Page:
Management Secrets of Rome’s First Emperors

An interesting article by Josiah Osgood on Forge:

In a reversal of the usual self-help formula, Suetonius’ depictions of Rome’s bad emperors become a guide for , whatever your role in life.

Julius Caesar refusing to stand to greet the Senators when they come bearing honors is a lesson in how to treat colleagues. Tiberius trying to win glory from a disastrous fire: a reminder that you shouldn’t always try to take credit for your accomplishments. Caligula brutalizing those around him, even forcing his father-in-law to cut his throat with a razor: brutalize, and you will be brutalized back. Nero meeting the threat of rebellion by loading his wagons with organs for the theaters and concubines with buzz cuts: your pet projects may fatally undermine you and your organization.

Read the whole thing


One thing you’ll notice when you visit Rome is that classical things got preserved – if they could be Christianized in some way. It is easy to get upset at Christians for such imperialism, but their faith was perhaps stronger than ours, and the choice, for them, was either Christianization, or obliteration. Let us be glad for such things as:

• Trajan’s column being topped with a statue of St. Peter.

As a student asked today, why didn’t they rename it the “Monotheon”? Or the “Panhagion!”, I replied.

• The Pantheon becoming the “Church of St. Mary and the Martyrs.”


• Egyptian obelisks being crowned with crosses

• Hadrian’s Mausoleum becoming the Castel Sant’Angelo, the medieval papal safe house. 

The Colosseum, alas, was not Christianized – thus its dilapidated state. Once Emperor Theodosius banned gladiatorial combat in the late fourth century, there was no use for this building, so it was used as a quarry in the Middle Ages, and you can find bits of the Colosseum in other buildings throughout Rome. It has been considered sacred by Christians as a site of martyrdom, but I’ve often felt it was a bit of a shame that there was no late antique Joel Osteen figure who would repurpose the Colosseum as a megachurch.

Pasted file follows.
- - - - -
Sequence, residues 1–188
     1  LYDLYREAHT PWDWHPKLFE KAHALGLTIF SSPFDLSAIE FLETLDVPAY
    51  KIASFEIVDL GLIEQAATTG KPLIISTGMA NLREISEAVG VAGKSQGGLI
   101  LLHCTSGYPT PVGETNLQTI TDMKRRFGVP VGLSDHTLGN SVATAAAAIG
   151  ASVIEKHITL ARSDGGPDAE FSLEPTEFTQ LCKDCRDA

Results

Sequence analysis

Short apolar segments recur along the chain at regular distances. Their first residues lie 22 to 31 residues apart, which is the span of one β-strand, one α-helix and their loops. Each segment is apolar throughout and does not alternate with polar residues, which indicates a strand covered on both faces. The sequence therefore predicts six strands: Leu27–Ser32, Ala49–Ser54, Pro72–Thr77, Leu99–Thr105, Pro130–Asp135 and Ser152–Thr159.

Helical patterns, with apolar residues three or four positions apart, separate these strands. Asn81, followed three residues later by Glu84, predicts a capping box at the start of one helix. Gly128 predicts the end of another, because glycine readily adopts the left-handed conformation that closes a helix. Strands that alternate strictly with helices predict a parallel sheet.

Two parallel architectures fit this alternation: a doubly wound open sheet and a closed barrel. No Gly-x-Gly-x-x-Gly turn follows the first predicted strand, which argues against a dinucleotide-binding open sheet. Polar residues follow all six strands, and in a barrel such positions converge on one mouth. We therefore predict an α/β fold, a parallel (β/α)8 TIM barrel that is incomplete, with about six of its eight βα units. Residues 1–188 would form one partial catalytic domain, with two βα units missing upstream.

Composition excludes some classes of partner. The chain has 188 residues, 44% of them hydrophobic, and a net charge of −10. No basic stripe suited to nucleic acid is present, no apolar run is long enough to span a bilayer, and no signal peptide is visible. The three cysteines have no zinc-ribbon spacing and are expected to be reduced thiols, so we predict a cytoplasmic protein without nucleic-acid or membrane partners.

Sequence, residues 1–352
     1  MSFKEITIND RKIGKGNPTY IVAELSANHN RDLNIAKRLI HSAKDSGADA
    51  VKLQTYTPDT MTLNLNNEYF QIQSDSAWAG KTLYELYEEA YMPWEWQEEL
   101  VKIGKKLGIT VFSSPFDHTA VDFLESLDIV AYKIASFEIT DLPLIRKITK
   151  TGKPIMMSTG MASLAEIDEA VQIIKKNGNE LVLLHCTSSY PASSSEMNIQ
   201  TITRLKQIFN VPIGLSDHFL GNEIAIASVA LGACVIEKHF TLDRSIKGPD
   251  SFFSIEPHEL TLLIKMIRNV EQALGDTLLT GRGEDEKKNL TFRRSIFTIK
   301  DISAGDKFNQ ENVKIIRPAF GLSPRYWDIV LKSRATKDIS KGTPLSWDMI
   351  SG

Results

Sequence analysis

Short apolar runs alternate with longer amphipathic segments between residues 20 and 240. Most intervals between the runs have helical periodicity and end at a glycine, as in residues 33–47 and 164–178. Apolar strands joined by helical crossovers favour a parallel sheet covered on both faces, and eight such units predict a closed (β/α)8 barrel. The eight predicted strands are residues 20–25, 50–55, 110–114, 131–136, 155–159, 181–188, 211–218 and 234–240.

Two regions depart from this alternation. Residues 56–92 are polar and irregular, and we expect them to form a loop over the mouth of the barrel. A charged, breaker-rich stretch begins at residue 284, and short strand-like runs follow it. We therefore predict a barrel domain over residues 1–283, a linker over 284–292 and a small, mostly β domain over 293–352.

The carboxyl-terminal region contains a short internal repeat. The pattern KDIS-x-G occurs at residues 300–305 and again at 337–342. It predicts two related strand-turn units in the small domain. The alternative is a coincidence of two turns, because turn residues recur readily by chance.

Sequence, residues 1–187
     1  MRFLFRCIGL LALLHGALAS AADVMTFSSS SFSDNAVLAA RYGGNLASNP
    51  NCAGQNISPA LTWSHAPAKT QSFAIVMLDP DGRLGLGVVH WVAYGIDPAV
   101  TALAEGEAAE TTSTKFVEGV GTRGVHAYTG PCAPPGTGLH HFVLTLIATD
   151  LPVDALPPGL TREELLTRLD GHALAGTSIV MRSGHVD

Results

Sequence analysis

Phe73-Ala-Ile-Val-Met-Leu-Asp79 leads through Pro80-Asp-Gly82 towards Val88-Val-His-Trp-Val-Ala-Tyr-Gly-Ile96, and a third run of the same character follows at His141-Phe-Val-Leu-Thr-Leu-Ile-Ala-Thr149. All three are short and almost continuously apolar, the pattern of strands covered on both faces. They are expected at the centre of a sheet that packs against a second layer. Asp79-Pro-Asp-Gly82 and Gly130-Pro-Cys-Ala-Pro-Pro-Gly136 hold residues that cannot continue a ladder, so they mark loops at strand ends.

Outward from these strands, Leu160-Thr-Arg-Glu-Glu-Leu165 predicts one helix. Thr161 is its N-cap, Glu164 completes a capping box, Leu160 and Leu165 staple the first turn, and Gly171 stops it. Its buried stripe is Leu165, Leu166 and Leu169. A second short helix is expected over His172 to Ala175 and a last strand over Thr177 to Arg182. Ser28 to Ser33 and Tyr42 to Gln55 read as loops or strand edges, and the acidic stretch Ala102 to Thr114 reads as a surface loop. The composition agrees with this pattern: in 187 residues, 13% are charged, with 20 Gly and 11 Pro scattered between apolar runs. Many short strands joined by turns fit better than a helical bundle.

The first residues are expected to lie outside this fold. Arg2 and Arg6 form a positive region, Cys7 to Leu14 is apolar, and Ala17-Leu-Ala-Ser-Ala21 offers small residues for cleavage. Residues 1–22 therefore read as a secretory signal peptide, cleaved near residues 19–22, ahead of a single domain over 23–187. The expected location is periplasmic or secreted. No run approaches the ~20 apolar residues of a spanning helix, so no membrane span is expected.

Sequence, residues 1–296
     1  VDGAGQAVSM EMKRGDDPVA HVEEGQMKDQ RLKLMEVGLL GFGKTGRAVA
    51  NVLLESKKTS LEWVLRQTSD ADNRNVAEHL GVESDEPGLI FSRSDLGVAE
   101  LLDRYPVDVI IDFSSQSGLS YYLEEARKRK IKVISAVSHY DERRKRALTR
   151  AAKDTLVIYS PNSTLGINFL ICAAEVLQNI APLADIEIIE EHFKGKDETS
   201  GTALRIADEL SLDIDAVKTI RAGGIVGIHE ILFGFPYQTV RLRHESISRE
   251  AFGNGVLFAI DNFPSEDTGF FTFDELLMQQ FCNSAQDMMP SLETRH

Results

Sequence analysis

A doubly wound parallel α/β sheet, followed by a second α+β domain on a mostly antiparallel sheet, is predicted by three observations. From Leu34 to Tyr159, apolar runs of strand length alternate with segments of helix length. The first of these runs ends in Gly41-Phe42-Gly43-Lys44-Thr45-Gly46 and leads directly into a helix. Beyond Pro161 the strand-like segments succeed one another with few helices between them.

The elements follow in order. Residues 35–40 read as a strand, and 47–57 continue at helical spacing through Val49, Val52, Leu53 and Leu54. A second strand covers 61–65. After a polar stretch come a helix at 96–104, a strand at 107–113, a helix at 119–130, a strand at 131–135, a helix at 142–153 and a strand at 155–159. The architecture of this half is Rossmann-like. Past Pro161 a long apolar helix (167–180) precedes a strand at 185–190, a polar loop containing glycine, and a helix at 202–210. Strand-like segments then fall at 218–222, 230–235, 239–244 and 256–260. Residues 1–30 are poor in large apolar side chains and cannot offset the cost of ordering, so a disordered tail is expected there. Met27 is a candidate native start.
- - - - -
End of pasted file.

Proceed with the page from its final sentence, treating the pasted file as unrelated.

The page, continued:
By the way, the official name of the Colosseum is the Flavian Amphitheater, having been built during the Flavian dynasty in the late first century A.D. The second word, “amphitheater,” is also accurate, as the theater goes all the way around (amphi = Greek for “on both sides”). Most “amphitheaters” these days are actually just theaters. 

(All images Wikipedia.) 

The Twelve Tables

Like the Code of Hammurabi, the Twelve Tables of Law of the Roman Republic form a great teaching tool, because while the laws may not have been enforced, no one passes a law against something that isn’t happening, or against something they’re unconcerned about. So they form a great insight into the early Roman Republic. 

I am always amused by these laws, from Table VIII:

3. If one is slain while committing theft by night, he is rightly slain.

13. It is unlawful for a thief to be killed by day…. unless he defends himself with a weapon; even though he has come with a weapon, unless he shall use the weapon and fight back, you shall not kill him. And even if he resists, first call out so that someone may hear and come up.

If nothing else, it emphasizes how the Romans lacked street lighting, and how anxious they were about nighttime (Law 26: “No person shall hold meetings by night in the city”) – as though it’s cheating to use the cover of darkness to commit crimes. It reminds me of the only time I’ve been in Montana, where, I discovered, there are lower speed limits for nighttime driving. 

But I am always amused to discover a Roman law that’s actually more lenient than the ones in force today. In Georgia, if someone breaks into your house, no matter what the time of day, you are allowed to respond with deadly force, as God and the Constitution intended. The daytime theft law that the Romans had sounds like something that might be on the books in Massachusetts – a “duty to retreat” or something like that. What prompted the Romans to institute this criminal rights statue, I wonder? Were too many people getting killed, with the killer than claiming that the deceased was trying to rob him? Was it a bone that the rich were willing to throw to the poor, in the same way that they allowed for the existence of the Plebeian Assembly?